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K-12 Education

Detroiters search for missing students

The fall of 2020 was a back-to-school season like no other. It had been nearly six months since the COVID-19 pandemic had altered our daily ways of life, including shuttering schools.

Few children returned to the classroom that fall, with the majority of school districts and parents opting for online learning. And some children did not engage in school at all.

According to data from the State of Michigan, the state’s student enrollment shrank by 61,940 students, or 4.1%, for the 2020-21 school year. Students from the Detroit Public Schools Community District accounted for 1,600 of these missing students. Unfortunately, this enrollment data doesn’t reveal the full scope. Many enrolled students did not end up attending school regularly, or at all. For example, during the first week of school only 78% of students enrolled in the Detroit Public Schools Community District showed up for class, be it in-person or online.

If students are not present in class, they cannot advance in school or in life. But even before the pandemic hit, more than half of Detroit students were chronically absent, missing 10% or more of the school year.

Why do Detroit students miss school? Read the report by Wayne State University’s Detroit Education Research Partnership

Recognizing the weight of the issue–Detroit has the highest rate of student absence of all big U.S. cities by far—Detroiters have been working to increase student attendance for years. In addition to individual school efforts, there has been collaboration across the city. A collective of schools, afterschool providers, places of worship, and other youth-serving organizations have worked together under the banner of Every School Day Counts Detroit to provide information and resources to families to help students attend class every day.

“An engaged, impassioned community is the only way to overcome the overwhelming problem,” said Larry Simmons, Pastor at Baber Memorial A.M.E. Church, executive director of the Brightmoor Alliance, and member of Every School Day Counts Detroit. “The community I serve identified student attendance as the most critical factor impacting Detroit kids’ ability to get ahead. Over the years, the friends and allies that surrounded me in this mission grew in number and impact. We formed the Every School Day Counts Detroit coalition to help kids engage in school every day. Knocking on doors and calling up schools, we talk to students, parents, and educators to learn what’s going on and how we as neighbors and youth-service providers can help… Attendance is the lifeblood of education. Without it, nothing else matters. Children are our hope for the future. To set them up for success, we all need to be present now.”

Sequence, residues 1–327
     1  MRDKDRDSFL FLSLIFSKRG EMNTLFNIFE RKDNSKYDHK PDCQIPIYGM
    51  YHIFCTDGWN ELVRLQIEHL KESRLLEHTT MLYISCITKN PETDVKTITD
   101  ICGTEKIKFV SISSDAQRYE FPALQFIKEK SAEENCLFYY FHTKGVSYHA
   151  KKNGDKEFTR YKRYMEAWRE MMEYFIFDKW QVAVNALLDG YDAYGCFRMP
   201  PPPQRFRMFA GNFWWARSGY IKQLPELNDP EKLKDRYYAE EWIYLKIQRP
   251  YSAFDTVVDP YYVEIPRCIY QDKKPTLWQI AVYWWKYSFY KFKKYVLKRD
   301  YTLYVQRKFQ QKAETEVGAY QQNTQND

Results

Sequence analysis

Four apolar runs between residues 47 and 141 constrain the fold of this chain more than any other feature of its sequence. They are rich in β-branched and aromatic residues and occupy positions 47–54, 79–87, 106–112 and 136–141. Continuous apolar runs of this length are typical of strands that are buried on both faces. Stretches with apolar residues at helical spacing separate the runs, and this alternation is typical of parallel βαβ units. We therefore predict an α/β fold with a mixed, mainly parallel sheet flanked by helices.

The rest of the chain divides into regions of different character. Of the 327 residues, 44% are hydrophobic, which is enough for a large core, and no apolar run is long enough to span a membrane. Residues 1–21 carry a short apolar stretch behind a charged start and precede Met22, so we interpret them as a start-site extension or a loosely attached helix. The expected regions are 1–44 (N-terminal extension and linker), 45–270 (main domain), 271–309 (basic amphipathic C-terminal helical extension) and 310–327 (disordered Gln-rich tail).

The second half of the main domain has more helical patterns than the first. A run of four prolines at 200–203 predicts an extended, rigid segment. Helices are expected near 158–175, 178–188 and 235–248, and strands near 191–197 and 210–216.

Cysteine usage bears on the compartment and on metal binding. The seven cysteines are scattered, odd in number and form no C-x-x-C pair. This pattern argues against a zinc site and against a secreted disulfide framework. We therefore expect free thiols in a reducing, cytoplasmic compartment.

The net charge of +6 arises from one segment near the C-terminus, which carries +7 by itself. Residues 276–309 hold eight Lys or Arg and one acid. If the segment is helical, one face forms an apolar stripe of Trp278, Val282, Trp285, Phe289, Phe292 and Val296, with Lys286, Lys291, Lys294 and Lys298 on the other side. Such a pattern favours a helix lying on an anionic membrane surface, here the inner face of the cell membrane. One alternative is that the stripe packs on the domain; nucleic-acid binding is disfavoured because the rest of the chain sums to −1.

At the onset of the 2020-21 school year, more than 40 Detroit organizations came together through Every School Day Counts Detroit to help schools connect with families to answer the question, “Where are the children?

Detroit principals also took charge to ensure students were learning and cared for during the pandemic. Our conversations with school leaders revealed that school staff were connecting with a large majority of students three-to-four times per week through email, phone calls, virtual lessons, and in-person visits.

To do so, teachers and principals flexed their creativity, from posting videos on social media to personally delivering homework assignments, books, technology devices for online learning, and even meals. Detroit educators went above and beyond to help ensure students were doing well in all regards.

A case study by Attendance Works and Every School Day Counts Detroit of five Detroit schools deeply committed to strong student attendance found three common elements of successful efforts: collaborative leadership; comprehensive, multi-tiered strategies; and student and family engagement. 

As we begin the 2021-22 school year, educators and advocates are back at it. And they could use your help. Connect with the kids and families you know to inquire about back-to-school plans. Encourage early registration and showing up for class every day, asking what you can do to help. If you’re a parent who can offer transportation, set up a car-pool plan. If you are a parent, caregiver, or student in need of help, reach out to your school staff, teachers, and local community organizations.

Nothing should get in the way of a solid education. The future depends on it.  

The Skillman Foundation is a funder of Every School Day Counts Detroit

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